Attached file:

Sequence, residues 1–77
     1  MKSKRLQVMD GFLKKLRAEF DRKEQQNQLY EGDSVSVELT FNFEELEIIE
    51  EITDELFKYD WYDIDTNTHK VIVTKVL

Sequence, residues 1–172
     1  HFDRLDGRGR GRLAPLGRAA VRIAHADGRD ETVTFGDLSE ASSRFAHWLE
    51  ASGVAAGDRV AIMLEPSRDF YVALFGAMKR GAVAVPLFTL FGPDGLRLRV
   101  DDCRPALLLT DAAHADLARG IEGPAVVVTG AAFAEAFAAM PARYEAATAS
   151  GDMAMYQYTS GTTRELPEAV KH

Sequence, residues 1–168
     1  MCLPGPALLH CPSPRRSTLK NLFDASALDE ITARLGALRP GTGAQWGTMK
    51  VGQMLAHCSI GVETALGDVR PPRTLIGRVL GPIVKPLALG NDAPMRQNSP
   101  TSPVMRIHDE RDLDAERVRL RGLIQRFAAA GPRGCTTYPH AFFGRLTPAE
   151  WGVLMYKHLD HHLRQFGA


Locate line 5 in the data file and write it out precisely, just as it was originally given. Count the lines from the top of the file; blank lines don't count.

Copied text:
     1  HFDRLDGRGR GRLAPLGRAA VRIAHADGRD ETVTFGDLSE ASSRFAHWLE